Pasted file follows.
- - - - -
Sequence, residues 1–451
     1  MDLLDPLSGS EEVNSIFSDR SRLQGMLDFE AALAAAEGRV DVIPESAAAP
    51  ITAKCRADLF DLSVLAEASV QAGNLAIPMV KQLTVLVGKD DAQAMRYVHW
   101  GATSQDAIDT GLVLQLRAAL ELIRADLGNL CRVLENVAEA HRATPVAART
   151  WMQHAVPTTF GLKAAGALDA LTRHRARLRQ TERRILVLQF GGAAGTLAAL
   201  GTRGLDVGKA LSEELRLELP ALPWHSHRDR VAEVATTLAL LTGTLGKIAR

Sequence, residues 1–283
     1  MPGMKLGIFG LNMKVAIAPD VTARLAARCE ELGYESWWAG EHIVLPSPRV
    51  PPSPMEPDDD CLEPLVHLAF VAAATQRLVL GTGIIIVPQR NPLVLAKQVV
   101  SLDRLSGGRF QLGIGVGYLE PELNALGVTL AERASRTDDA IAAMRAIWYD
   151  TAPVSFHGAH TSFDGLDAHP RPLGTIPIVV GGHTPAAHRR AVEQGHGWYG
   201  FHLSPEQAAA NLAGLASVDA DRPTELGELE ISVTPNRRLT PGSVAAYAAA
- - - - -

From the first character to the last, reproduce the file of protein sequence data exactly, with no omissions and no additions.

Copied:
Sequence, residues 1–451
     1  MDLLDPLSGS EEVNSIFSDR SRLQGMLDFE AALAAAEGRV DVIPESAAAP
    51  ITAKCRADLF DLSVLAEASV QAGNLAIPMV KQLTVLVGKD DAQAMRYVHW
   101  GATSQDAIDT GLVLQLRAAL ELIRADLGNL CRVLENVAEA HRATPVAART
   151  WMQHAVPTTF GLKAAGALDA LTRHRARLRQ TERRILVLQF GGAAGTLAAL
   201  GTRGLDVGKA LSEELRLELP ALPWHSHRDR VAEVATTLAL LTGTLGKIAR

Sequence, residues 1–283
     1  MPGMKLGIFG LNMKVAIAPD VTARLAARCE ELGYESWWAG EHIVLPSPRV
    51  PPSPMEPDDD CLEPLVHLAF VAAATQRLVL GTGIIIVPQR NPLVLAKQVV
   101  SLDRLSGGRF QLGIGVGYLE PELNALGVTL AERASRTDDA IAAMRAIWYD
   151  TAPVSFHGAH TSFDGLDAHP RPLGTIPIVV GGHTPAAHRR AVEQGHGWYG
   201  FHLSPEQAAA NLAGLASVDA DRPTELGELE ISVTPNRRLT PGSVAAYAAA